Today, April 14th, is the third annual Citizen Science Day! We’re thrilled to shine a spotlight on some of the amazing monarch citizen science projects by Monarch Joint Venture partners and why citizen science is important.
Citizen science is a cooperative effort that “engages non‐professionals in authentic scientific research” (Dickinson et.al, 2012). It is a crucial aspect of many important conservation discoveries, including monarchs, and is an important tool for public engagement in organized science!
People who may not otherwise feel like scientists can engage with the scientific process of observing and learning about the world around them through citizen science. Citizen science brings together communities of people with similar interests. It provides an accessible entry point to conservation because it is usually free and can be as simple as submitting an observation on a smartphone.
Citizen science can also provide communities with the knowledge and agency needed for taking action for their environment. For example, the Alliance for Aquatic Resource Monitoring empowers communities to learn about their water quality, and to bring that information to local decision makers to address pollution concerns in the community.
This sense of knowledge and investment in the environment can make a really big difference. Beyond studying organisms like monarchs, research by Lewandowski and Oberhauser (2016) shows that citizen scientists are taking additional conservation actions to protect the species they are studying.
There are many pollinator focused citizen science programs, ranging from bumblebees to butterflies of all kinds. Butterfly counts have been an important source of ecological knowledge for a long time. Find out more about other butterfly citizen science programs here.
The dedicated work of monarch citizen scientists has informed much of our current knowledge about the incredible monarch butterfly and it continues to do so today!
In 1975, Dr. Fred Urquhart, Norah Urquhart, Catalina Trail and Ken Brugger discovered a tagged monarch in the Transvolcanic Mountains of central Mexico. This butterfly had migrated south from Chaska, Minnesota, where two boys and their schoolteacher had marked it with a uniquely coded tag. This discovery documented the international phenomena of the eastern North American monarch migration, and was a defining moment in the history of monarch conservation.
The monarch migration has been tracked in real time since Journey North began in 1994. The live maps of the monarch’s journey north and south, populated by citizen scientist observations from across the continent, serve as an important education tool for classrooms and people of all ages.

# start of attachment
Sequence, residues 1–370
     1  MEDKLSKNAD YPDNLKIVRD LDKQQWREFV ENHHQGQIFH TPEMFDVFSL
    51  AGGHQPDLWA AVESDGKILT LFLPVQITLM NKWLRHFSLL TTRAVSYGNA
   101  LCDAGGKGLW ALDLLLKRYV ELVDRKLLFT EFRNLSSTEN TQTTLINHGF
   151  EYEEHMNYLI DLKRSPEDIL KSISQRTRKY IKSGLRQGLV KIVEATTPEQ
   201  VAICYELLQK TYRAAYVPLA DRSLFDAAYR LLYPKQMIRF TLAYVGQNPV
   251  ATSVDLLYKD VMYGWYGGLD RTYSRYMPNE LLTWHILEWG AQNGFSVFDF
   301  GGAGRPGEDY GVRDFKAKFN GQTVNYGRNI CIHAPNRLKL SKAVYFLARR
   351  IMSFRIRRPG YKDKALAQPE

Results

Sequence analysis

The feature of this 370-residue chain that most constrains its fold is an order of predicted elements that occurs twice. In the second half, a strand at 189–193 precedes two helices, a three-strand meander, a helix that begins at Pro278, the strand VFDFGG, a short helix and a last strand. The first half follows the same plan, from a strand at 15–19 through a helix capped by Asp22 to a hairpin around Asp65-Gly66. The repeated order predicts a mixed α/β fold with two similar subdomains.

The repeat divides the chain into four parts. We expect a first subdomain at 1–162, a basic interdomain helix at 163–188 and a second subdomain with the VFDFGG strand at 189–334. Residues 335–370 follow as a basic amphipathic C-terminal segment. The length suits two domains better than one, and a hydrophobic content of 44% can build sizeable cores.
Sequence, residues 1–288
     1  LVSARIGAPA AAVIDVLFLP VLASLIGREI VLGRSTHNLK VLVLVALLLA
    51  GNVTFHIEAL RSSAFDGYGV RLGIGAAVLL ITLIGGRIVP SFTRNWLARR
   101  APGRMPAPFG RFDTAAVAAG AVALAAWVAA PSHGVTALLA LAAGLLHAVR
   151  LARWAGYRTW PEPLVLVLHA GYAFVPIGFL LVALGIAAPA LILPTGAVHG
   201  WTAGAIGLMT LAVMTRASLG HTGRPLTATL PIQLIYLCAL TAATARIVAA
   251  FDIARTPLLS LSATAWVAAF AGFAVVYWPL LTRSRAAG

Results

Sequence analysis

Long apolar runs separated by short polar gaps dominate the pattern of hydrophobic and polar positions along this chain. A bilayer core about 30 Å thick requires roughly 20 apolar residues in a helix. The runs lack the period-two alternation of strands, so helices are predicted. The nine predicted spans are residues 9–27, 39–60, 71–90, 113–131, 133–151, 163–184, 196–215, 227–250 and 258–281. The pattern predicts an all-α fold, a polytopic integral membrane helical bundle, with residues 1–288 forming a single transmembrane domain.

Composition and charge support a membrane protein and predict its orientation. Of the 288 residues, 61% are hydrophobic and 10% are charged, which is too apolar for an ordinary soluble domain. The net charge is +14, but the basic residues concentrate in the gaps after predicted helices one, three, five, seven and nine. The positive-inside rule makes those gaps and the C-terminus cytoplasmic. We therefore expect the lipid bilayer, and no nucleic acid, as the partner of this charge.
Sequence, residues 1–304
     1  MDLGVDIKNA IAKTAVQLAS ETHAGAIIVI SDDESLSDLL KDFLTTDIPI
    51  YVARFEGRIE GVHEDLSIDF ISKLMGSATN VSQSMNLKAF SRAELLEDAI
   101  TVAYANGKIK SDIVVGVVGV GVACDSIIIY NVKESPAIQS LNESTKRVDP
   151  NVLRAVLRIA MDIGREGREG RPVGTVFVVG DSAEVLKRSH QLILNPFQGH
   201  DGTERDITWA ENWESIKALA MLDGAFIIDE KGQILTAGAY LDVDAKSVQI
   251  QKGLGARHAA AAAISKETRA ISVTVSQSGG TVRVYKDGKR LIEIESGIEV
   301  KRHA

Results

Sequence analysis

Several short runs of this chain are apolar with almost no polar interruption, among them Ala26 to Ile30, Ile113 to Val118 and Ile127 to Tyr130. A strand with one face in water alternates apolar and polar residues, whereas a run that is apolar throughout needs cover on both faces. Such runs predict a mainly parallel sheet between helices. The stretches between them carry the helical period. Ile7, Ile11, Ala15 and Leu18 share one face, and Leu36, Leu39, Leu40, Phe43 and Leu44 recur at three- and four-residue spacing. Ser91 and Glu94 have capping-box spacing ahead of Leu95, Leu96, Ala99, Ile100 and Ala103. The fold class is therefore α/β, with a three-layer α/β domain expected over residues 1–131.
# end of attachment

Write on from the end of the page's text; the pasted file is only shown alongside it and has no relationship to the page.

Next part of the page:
Monitoring the monarch migration through tagging continues today through, Monarch Watch, the Southwest Monarch Study and Monarch Alert. These programs aim to provide information about many aspects of monarch movement.
Longstanding citizen science monitoring of the western monarch overwintering sites has occurred since 1997 through the Western Monarch Thanksgiving Count. Volunteers have been collecting information about monarchs and overwintering sites in California during the week around Thanksgiving, and in 2017 expanded to conducting a second suite of observations during the week around New Year’s Day.
Citizen scientists have been instrumental in learning about increasing rates of the protozoan parasite, OE, in monarch populations through Project Monarch Health.
Finally, citizen scientists have been monitoring for monarch eggs and larvae during the breeding season for over 20 years. The Monarch Larva Monitoring Project was developed at the University of Minnesota in 1997 to document monarch breeding through egg, larvae, and milkweed observations across space and time.
All of these projects continue today and influence our current understanding of monarch biology and current threats.
The Integrated Monarch Monitoring Program (IMMP) is a new initiative engaging biologists, land managers, and citizen scientists in monitoring monarchs and their habitat across the US breeding and migratory range. To gather information from different land use types that support monarch habitat, the IMMP uses a spatially balanced, random grid system to prioritize areas for monitoring. It captures many aspects of habitat quality, threats, and habitat use by monarchs and data contribute to existing population and habitat models that inform broad goals for monarch conservation!
Today is about celebrating citizen scientists and citizen science programs. We are incredibly grateful for everyone who is involved in monarch citizen science and for our partners’ excellent programs.
If you’re not already involved in citizen science, today is the perfect day to start. Visit our website to learn more about monarch citizen science and choose the program(s) that are right for you! Your contributions will make an important difference for monarchs, and will hopefully impact you in even greater ways!
Dickinson, J. L., Shirk, J. , Bonter, D. , Bonney, R. , Crain, R. L., Martin, J. , Phillips, T. and Purcell, K. (2012), The current state of citizen science as a tool for ecological research and public engagement. Frontiers in Ecology and the Environment, 10: 291-297. doi:10.1890/110236
Lewandowski, E.J. & Oberhauser, K.S. 2016a. Butterfly Citizen Science Projects Support Conservation Activities among their Volunteers. Citizen Science: Theory and Practice, 1(1): 6, pp. 1–8, DOI: http://dx.doi.org/10.5334/cstp.10%20
The Monarch Joint Venture is a national partnership of federal and state agencies, non-governmental organizations, businesses and academic programs working together to conserve the monarch butterfly migration. The content in this article does not necessarily reflect the positions of all Monarch Joint Venture partners. Header photo by Laura Lukens.